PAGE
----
• I also heard that blockchain will stop global warming, cure cancer, and find Jimmy Hoffa!
    • by MSG ( 12810 )

      My thoughts exactly. Blockchain credit history? Great! Now every fraudulent entry is there permanently, and can't be removed! Brilliant!

  • by supernova87a ( 532540 ) <(kepler1) (at) (hotmail.com)> on Sunday September 10, 2017 @06:46PM (#55171409)
    I have a very simple solution for policymakers to implement:

    - Name + phone hacked = $2 penalty
    - Name + address hacked = $3 penalty
    - Name + SSN hacked = $5 penalty
    - etc., and combinations of the above, just multiply.

    Things would get fixed right quick.
    • You need about 6-7 more zeros, and you need to apply the fines to the personal assets of the board and c suite. Worldwide.
      • and you need to apply the fines to the personal assets of the board and c suite

        Pretty much impossible legally. That's why they're Limited Liability Corporations, after all.

        In fact, that's the whole point of a Corporation - to make the corporation liable, and not its employees (like, you know, the CEO)....

    • by ccguy ( 1116865 )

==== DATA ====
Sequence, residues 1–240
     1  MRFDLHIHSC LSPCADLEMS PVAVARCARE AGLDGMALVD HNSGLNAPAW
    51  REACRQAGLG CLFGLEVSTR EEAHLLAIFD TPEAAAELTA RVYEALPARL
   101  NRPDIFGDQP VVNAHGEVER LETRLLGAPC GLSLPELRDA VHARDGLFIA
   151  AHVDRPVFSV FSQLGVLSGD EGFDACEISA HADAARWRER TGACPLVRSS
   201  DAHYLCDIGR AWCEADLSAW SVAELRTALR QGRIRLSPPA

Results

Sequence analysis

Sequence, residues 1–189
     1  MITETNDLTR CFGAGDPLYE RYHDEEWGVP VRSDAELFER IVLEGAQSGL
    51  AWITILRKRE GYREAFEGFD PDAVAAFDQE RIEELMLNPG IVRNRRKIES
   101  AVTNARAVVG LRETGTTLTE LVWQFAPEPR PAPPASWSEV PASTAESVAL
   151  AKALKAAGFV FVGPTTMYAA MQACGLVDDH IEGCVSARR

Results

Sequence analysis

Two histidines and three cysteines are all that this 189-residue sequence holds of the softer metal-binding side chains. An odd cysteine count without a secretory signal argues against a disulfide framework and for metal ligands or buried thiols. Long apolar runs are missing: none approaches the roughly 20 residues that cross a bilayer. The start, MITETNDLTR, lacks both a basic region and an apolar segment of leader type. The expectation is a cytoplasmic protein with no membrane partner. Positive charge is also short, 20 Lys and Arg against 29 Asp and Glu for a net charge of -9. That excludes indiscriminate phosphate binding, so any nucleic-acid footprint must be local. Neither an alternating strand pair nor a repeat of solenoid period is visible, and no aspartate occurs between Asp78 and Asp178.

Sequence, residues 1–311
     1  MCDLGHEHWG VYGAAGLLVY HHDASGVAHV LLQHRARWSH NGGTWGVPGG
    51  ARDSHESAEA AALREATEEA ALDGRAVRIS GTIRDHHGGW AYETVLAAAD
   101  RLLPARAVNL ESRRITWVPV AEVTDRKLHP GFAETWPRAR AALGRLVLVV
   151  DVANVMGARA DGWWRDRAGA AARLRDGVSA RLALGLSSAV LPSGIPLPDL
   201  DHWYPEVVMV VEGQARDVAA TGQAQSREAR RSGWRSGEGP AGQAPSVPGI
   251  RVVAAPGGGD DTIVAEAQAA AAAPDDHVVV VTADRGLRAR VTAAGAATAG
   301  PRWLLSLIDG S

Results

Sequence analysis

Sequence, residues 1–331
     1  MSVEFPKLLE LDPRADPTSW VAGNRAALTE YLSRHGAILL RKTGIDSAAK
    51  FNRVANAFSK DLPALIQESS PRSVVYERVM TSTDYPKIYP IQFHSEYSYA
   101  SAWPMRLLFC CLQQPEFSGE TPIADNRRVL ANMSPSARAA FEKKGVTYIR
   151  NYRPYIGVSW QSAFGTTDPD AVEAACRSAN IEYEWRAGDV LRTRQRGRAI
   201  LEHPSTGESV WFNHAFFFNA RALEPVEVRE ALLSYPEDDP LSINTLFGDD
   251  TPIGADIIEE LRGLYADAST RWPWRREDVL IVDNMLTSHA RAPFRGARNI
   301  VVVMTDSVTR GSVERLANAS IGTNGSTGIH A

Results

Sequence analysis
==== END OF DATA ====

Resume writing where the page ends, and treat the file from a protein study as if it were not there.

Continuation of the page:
I'd say

      - Any of those things hacked: Your company, and not the affected individual, has to prove innocence if anything happens. Someone managed to open a $20,000 credit line to the name of someone affected by the Equifax fiasco? Equifax pays those $20,000.

      No statue of limitation here. As long as the breached data can be used for identity theft, Equifax is responsible.

      Of course they are free to lobby for a major reform so that no stolen data can be useful for more than one year or so for _anything_ rel
      • That's a good idea, but it will never happen. It makes too much sense.
        • It makes too much sense.

          Actually, it doesn't make sense at all. Equifax had a profit of about $600M last year. That is about $2 per American. They can't possibly afford millions of $20k payouts. The money just isn't there.

          The solution is to fix the idiotic system that allows "identity theft" by knowing a name, SSN and DOB. Equifax did not create that system, so why should they be penalized for it?

          • by Cederic ( 9623 )

            Wait? A company offering ID&V products isn't responsible for market acceptance of adequate ID&V?

            It's possible to say, "That's insufficient information to identify the individual" and refuse to ID&V an individual; of course, that would reduce revenue so fuck consumers?

    • by west ( 39918 )